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IEEE
TRANSACTIONS
ON
AUTOMATIC
CONTROL.
VOL. AC32.
NO.
2, FEBRUARY
1987
115
Computation
of
System Balancing Transformations

and
Other Applications
Simultaneous
Diagonalization Algorithms
ALAN J. LAUB,
FELLOW, IEEE,
MICHAEL
T.
HEATH, CHRIS C. PAIGE,
AND
RO3ERT
c.
WARD
AbstractAn
algorithm is presented in this paper for
computing
state
space balancing transformations directly from
a statespace realization.
The algorithm requires no “squaring up” or unnecessary matrix prod
ucts. Various algorithmic aspects are discussed in detail. A key feature of
the algorithm is the determination of
a contragredient transformation
through computing the singular value decomposition
a
certain product
of matrices without explicitly forming the product. Other contragredient
transformation applications are also described. It
is further shown that a
similar approach may be taken. involving the generalized singular value
decomposition,
to
the classical simultaneous diagonalization problem.
These SVDbased simultaneous
diagonalization
algorithms provide a
computational alternative to existing methods for solving certain classes
of symmetric positive definite generalized eigenvalue problems.
I.
IKTRODUCTION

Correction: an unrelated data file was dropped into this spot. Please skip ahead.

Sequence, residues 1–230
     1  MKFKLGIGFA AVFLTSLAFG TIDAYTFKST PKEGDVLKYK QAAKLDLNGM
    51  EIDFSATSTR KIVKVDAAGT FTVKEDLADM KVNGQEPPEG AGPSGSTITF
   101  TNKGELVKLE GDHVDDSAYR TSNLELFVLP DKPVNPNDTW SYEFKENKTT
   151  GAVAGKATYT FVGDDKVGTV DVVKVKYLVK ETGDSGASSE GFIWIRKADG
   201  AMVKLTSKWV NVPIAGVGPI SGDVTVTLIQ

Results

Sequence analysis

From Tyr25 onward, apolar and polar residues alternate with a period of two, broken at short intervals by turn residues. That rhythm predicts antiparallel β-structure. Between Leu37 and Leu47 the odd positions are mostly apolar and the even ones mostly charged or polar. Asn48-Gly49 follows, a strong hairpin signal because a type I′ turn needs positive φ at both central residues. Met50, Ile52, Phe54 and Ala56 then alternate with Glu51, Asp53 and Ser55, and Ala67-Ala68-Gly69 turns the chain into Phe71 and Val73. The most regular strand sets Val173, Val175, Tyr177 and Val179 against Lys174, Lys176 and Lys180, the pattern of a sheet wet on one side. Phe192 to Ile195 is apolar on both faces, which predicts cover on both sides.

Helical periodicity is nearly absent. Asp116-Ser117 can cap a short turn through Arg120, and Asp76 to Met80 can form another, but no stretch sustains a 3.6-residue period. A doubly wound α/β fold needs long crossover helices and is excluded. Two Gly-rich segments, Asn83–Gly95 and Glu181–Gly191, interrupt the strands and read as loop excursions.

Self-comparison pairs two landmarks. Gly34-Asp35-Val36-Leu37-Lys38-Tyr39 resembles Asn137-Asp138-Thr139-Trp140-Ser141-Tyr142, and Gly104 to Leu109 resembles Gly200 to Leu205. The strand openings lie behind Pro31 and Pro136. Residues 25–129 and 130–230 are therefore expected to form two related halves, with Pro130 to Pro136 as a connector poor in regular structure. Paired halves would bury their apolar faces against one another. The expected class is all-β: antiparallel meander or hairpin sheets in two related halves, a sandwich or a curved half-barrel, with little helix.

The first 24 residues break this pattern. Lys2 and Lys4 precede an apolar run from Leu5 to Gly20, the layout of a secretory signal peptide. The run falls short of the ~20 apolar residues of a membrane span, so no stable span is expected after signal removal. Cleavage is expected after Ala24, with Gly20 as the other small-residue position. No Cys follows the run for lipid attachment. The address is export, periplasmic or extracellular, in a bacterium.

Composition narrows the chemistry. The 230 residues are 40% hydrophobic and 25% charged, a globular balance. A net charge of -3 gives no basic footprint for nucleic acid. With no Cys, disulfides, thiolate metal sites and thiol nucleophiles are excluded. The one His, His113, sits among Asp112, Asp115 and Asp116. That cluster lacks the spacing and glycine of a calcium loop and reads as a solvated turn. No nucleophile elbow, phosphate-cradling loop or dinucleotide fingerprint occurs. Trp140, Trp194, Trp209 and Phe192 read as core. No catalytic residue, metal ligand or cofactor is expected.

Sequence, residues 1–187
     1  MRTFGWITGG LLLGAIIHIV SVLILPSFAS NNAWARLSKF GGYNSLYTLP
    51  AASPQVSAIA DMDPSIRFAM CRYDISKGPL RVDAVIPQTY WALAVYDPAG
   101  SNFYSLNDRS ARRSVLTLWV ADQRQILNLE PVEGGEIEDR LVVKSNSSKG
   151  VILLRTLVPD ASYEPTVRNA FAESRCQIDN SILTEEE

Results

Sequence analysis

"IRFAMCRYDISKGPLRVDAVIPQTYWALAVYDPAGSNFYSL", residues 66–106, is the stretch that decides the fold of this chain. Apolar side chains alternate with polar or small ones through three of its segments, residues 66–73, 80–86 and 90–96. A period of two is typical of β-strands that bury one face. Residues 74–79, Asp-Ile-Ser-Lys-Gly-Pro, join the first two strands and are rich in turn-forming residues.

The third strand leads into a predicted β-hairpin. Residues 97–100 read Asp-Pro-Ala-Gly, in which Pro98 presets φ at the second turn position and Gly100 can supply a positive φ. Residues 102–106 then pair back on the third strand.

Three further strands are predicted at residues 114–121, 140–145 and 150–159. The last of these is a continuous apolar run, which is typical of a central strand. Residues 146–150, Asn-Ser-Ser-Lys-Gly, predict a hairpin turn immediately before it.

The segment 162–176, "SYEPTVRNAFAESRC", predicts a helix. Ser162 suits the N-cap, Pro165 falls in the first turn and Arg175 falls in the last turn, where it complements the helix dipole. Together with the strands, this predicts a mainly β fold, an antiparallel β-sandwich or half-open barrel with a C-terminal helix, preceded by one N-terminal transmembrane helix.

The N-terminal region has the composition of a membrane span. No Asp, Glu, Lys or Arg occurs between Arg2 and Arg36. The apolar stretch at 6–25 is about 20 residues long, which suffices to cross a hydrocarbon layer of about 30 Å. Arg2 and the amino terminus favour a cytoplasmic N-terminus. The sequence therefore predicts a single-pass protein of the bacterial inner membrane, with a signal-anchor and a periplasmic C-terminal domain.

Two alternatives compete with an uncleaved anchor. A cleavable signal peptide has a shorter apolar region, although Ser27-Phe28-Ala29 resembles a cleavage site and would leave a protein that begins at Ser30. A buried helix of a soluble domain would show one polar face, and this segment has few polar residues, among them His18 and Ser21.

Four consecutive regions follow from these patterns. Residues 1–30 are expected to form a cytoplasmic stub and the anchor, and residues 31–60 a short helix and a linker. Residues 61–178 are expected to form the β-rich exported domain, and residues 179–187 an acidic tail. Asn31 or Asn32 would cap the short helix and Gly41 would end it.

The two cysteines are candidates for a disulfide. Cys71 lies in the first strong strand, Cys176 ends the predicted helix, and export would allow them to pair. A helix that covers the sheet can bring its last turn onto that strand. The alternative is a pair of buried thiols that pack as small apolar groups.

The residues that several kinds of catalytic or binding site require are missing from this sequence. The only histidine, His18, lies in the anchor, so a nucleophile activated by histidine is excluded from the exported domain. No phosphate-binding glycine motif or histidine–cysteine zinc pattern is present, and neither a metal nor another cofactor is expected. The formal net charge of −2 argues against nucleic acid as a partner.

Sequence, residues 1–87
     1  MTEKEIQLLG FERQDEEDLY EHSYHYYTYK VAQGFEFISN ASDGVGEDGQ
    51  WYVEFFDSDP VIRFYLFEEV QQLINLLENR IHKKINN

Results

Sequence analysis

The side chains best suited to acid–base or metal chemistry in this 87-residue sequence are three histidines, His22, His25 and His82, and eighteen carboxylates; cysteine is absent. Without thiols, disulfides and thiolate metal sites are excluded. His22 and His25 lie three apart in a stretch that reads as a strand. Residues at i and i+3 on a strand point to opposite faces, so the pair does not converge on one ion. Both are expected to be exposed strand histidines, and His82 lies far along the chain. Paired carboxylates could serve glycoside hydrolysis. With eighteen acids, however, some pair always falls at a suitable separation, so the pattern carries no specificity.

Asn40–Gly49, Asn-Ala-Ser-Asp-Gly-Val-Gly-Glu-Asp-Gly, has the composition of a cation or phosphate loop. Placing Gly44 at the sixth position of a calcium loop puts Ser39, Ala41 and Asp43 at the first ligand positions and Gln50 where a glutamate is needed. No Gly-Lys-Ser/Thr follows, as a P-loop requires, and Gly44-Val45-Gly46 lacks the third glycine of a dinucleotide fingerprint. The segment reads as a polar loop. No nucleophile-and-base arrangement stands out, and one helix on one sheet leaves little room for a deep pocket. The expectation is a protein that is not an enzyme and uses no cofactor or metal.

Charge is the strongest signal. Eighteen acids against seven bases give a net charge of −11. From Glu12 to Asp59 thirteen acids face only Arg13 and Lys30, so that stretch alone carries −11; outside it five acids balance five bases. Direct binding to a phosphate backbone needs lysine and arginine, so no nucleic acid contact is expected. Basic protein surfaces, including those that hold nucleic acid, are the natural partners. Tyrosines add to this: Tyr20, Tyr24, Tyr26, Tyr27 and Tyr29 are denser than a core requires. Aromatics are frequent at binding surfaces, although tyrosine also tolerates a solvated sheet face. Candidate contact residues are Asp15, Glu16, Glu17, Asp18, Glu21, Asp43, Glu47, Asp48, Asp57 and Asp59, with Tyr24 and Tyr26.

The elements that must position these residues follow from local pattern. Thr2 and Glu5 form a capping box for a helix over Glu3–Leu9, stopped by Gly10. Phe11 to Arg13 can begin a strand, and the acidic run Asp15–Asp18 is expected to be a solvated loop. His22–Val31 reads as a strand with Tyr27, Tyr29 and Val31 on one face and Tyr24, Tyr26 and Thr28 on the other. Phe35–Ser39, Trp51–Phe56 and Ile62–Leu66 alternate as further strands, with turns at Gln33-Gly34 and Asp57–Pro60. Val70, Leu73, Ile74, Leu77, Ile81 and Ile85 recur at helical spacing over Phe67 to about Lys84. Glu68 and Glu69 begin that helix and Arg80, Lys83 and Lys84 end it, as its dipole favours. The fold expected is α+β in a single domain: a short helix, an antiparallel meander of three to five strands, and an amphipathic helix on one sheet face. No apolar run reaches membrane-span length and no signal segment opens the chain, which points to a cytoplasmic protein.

T
HE
notion of balancing in linear systems
and
control
theory
has become
a
cornerstone
for important new theoretical
developments with farreaching
implications.
Some
early
ideas
were
discussed
by Moore in [I91 and further
refinements,
extensions. and applications have appeared in. for
example.
[4],
[6][8],
[13], [17], [22], 1251[27], [29] and the
references
therein. The literature on the
subject is
now voluminous.
One
of the main reasons why balancing is
of interest in control
and
one of its principal
applications is in
model reduction. For
statespace
models,
a
methodology
for
deriving
reducedorder
models is provided in terms of a
system‘s
realization in balanced
coordinates.
The key computational
problem
there is
the calcula
tion of a
balancing
transformation
and
the
matrices
of the balanced
realization. Other
applications
include
a
solution
to the
Hankel
norm approximation
problem and other
frequency
domain
and
frequency respmse approximation
problems.
The key paper by
Glover [8] provides many further details andreferences.Some
important new advances are described in [8] and
much
of
the
previous work is tied together in averyreadable
and coherent
presentation.
Other
applications
of balancing
transformations
(although not
by
that
name)
can be found in signal
processing;
see,
for
example. [20].
In this paper we shall concentrate on describing
a
numerical
algorithm
for
computing
a
statespace
balancing
transformation.
Other
algorithms,
particularly
some
early
ideas
in [I61 which
motivated this paper, and numerous
related
aspects will also be
Manuscript received January
13.
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